photographs until everything fits.

“As for photoembroidery, I think that in this project the search is to hurt the paper, because the words hurt or hurt. At the same time that it is the wound, it is also its own repair: the seam,” he indicates.

After this creative process, the artist says that she now feels “sad, happy, furious, excited, angry, happy... I go from one emotion to another and let them flow freely. I can't live this any other way.

“There are human beings who do not allow themselves to cycle, they get permanently stuck in some feeling. Not me, I go through them all. I have love, gratitude, anger, pain... and I really want to live my life. “You want more than ever,” she concludes.

She announces that she wants to turn La Dïéresis into a feminist art book publisher. “Publish women or projects created by women and make smaller print runs, but more complex pieces. “I want to continue playing with the shape of the book and make more objects.”

Author Profile

Nathan Rivera
Allow me to introduce myself. I am Nathan Rivera, a dedicated journalist who has had the privilege of writing for the online newspaper Today90. My journey in the world of journalism has been a testament to the power of dedication, integrity, and passion.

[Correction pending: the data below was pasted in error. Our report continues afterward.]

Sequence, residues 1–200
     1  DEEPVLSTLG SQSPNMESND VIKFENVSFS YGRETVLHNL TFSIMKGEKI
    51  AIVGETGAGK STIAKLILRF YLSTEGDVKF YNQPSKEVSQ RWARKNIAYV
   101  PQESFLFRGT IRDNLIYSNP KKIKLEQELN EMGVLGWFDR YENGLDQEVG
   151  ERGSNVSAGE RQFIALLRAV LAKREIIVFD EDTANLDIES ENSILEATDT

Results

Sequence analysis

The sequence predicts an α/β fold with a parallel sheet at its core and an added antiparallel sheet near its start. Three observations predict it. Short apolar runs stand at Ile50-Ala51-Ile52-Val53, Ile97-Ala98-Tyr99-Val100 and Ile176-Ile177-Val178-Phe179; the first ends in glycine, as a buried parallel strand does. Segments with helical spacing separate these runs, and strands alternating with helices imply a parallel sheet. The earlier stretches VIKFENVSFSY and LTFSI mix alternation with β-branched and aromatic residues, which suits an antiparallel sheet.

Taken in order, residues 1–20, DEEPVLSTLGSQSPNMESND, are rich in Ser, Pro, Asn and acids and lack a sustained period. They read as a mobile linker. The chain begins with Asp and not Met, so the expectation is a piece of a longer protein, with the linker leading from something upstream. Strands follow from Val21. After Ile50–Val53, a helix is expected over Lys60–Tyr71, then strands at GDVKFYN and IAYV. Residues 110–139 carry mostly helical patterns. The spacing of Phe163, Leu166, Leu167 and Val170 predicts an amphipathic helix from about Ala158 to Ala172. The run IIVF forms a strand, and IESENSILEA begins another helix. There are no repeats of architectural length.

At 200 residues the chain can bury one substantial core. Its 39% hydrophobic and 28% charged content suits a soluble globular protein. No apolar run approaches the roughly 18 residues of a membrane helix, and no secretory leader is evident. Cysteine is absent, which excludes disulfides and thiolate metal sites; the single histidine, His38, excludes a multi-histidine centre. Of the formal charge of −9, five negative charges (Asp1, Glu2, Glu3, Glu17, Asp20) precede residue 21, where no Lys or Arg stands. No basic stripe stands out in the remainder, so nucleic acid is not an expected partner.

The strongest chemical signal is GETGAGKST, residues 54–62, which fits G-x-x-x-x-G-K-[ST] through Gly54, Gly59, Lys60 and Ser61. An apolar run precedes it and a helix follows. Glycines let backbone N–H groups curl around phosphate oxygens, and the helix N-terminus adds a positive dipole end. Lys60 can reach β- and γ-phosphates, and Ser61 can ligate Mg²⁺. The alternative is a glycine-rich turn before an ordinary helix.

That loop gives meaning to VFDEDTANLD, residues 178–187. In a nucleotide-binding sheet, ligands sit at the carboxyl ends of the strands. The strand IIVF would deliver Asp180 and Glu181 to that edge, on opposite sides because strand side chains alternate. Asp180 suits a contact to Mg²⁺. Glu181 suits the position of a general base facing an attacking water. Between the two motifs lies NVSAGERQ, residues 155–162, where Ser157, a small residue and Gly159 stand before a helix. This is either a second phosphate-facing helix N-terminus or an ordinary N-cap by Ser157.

My story began with a relentless thirst for knowledge and an innate curiosity about the events shaping our world. I graduated with honors in Investigative Journalism from a renowned university, laying the foundation for what would become a fulfilling career in the field.

What sets me apart is my unwavering commitment to uncovering the truth. I refuse to settle for superficial answers or preconceived narratives. Instead, I constantly challenge the status quo, delving deep into complex issues to reveal the reality beneath the surface. My dedication to investigative journalism has uncovered numerous scandals and shed light on issues others might prefer to ignore.

I am also a staunch advocate for press freedom. I have tirelessly fought to protect the rights of journalists and have faced significant challenges in my quest to inform the public truthfully and without constraints. My courage in defending these principles serves as an example to all who believe in the power of journalism to change the world.

Throughout my career, I have been honored with numerous awards and recognitions for my outstanding work in journalism. My investigations have changed policies, exposed corruption, and given a voice to those who had none. My commitment to truth and justice makes me a beacon of hope in a world where misinformation often prevails.

At Today90, I continue to be a driving force behind journalistic excellence. My tireless dedication to fair and accurate reporting is an invaluable asset to the editorial team. My biography is a living testament to the importance of journalism in our society and a reminder that a dedicated journalist can make a difference in the world.